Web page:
"It was all long ago. I barely remember this Captain, who to me was just another tall soldier I could beg to carry me on his shoulders. He left the City after the campaign of Gondor against Umbar, and all that was decades ago, when I was still a small boy, before Fari was born. Once he left, my Ada was once more in favor with the Steward, and life seemed back in balance."
As he spoke, Boromir seemed to recall something about that Captain of long ago, something that flitted at the edge of memory like a dream. A face, someone I can only just see... He shook his head; the faint image was gone.
"But all this was by way of reminding me to warn you about Father, Pippin. There is one thing you must understand before you meet him," Boromir said solemnly. "I advise that you take special care to avoid speaking more than you must of Mithrandir." He cleared his throat. "The Steward and Mithrandir... Well, all I know is the one side of it. My father has never trusted him—yet to give credit where it is due, he never trusted Curunir, whom you would know as Saruman the White, either, and that proved to be a wise stance. Yet, I should say the truth more boldly, so that you understand truly: the Steward Denethor dislikes Mithrandir—intensely."
Pippin turned to look up at his companion, and saw that the man had a pained look on his face. "But why? I mean, I know Gandalf can be awfully cross and blunt, but it doesn't take long to see the other side of him, that enjoys a good laugh as well as anyone…and to realize that when he's being stubborn about something, he's most often right. Did something happen between them?"
Boromir frowned thoughtfully. "I do not rightly know. It has always been so, as long as I can remember." He cleared his throat again. "And I must admit, Pippin, the feeling of mistrust was between more than just the two of them. For a long time, I was inclined to take my father's side in that dispute. But on this journey, I have learned to see things differently. Very differently."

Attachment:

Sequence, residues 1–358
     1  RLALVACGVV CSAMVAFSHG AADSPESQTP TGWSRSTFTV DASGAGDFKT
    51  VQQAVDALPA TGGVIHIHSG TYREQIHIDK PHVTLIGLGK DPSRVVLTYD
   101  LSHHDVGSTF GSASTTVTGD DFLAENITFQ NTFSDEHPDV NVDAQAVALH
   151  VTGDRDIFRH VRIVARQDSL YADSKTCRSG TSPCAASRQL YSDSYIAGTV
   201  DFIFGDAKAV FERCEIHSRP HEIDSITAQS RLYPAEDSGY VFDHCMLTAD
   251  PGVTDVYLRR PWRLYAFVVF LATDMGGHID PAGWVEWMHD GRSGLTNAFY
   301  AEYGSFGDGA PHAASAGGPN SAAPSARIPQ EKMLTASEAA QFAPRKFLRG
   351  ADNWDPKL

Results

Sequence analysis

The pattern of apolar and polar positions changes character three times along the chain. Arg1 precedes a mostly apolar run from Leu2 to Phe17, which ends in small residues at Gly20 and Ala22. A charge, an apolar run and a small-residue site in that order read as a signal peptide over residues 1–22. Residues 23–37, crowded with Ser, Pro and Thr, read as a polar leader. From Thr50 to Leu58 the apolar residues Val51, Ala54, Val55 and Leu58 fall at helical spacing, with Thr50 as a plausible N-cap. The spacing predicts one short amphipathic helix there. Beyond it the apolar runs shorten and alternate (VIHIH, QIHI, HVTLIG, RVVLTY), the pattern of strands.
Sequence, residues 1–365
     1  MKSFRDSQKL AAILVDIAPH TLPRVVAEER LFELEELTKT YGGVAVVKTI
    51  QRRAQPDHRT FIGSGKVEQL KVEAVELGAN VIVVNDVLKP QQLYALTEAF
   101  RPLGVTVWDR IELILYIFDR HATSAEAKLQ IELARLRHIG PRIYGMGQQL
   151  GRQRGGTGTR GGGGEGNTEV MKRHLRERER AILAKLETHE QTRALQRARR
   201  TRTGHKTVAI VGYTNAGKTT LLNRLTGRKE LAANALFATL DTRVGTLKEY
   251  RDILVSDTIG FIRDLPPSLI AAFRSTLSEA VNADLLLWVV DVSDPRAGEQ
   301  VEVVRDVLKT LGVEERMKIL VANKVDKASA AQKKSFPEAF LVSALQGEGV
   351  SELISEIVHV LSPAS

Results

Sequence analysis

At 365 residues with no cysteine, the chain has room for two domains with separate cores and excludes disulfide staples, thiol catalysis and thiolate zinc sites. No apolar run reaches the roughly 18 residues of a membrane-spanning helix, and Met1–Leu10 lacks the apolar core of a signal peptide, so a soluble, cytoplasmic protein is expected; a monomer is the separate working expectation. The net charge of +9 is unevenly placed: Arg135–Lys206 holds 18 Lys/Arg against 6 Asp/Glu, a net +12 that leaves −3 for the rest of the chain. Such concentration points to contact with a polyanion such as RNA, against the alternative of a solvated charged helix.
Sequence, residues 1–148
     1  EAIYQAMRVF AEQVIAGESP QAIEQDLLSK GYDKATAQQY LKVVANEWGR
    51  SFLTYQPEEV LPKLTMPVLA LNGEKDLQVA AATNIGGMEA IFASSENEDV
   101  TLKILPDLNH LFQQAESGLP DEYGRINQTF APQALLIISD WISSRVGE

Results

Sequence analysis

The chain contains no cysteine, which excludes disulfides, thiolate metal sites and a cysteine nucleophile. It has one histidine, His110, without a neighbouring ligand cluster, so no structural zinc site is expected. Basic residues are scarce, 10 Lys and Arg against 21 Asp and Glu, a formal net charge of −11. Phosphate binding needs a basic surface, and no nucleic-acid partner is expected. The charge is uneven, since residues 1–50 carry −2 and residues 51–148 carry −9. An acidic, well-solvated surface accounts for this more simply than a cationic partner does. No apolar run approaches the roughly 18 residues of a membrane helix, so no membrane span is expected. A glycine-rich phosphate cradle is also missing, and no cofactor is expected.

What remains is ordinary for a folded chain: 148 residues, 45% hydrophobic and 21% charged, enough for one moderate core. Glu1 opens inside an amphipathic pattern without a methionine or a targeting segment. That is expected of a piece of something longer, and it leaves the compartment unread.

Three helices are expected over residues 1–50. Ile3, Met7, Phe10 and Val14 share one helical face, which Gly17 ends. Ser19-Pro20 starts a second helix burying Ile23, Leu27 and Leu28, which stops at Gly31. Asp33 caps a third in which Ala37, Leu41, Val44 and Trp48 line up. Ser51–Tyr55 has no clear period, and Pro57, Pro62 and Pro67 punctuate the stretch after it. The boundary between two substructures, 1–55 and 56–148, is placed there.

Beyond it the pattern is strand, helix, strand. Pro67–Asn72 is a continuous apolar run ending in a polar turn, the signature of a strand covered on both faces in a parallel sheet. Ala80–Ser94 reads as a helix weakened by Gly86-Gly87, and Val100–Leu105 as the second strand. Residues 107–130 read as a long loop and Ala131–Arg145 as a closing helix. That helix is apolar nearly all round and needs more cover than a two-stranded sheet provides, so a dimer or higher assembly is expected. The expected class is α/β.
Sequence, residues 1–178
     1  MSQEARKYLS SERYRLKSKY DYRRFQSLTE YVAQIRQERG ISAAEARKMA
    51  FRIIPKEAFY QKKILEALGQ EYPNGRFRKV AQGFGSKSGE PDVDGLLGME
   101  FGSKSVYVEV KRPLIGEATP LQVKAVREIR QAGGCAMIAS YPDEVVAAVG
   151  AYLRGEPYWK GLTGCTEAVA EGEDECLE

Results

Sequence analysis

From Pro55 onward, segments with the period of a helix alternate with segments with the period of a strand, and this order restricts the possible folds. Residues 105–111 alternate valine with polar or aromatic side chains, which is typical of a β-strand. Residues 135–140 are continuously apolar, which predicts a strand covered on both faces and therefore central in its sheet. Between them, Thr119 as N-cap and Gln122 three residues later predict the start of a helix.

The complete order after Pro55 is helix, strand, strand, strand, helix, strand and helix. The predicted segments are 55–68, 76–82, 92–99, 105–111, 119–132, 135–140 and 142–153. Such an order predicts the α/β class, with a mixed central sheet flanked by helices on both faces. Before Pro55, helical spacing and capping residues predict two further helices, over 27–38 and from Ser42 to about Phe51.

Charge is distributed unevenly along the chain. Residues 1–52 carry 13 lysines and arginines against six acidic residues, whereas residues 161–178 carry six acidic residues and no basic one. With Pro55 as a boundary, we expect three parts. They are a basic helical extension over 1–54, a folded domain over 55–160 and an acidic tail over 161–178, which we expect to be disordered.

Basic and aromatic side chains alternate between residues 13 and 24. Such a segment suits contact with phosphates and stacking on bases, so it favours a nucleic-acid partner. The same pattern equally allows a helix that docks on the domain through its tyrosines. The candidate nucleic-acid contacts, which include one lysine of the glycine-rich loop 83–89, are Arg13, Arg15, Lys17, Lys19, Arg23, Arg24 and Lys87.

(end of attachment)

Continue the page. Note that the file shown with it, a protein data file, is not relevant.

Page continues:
His voice fell. "My brother, Fari, always felt otherwise about Mithrandir. Looking back, of course, I can see that Mithrandir may well have noticed that the Steward's second son had need of the attention of a wise adult. He certainly seemed to take my brother under his wing on his visits, and Fari looked forward to his company eagerly. Yet that only served to widen the rift between Fari and Father." He sighed. "In the time remaining before war is fully upon us, I intend to do my best to break through Father's stubbornness in this matter, if for no other reason than to try to melt the chill between him and my brother--the two I care for most in all the world."
They rode on through Anorien, and though no formal messenger had been sent, the word of Boromir's return preceded them nonetheless. They pressed on swiftly, and as promised, in less than a week from when they had parted from their friends above Rauros-falls, the Captain-General and his companion rode through the great Gate of Minas Tirith, arriving not in the shining light of morning but in the shadows of early evening. Pippin flushed with excitement as they entered the beautiful stone city on streets lined with cheering crowds, and as silver trumpets and bells welcomed their Steward's eldest son home.
This is a work of fan fiction, written because the author has an abiding love for the works of J R R Tolkien. The characters, settings, places, and languages used in this work are the property of the Tolkien Estate, Tolkien Enterprises, and possibly New Line Cinema, except for certain original characters who belong to the author of the said work. The author will not receive any money or other remuneration for presenting the work on this archive site. The work is the intellectual property of the author, is available solely for the enjoyment of Henneth Annûn Story Archive readers, and may not be copied or redistributed by any means without the explicit written consent of the author.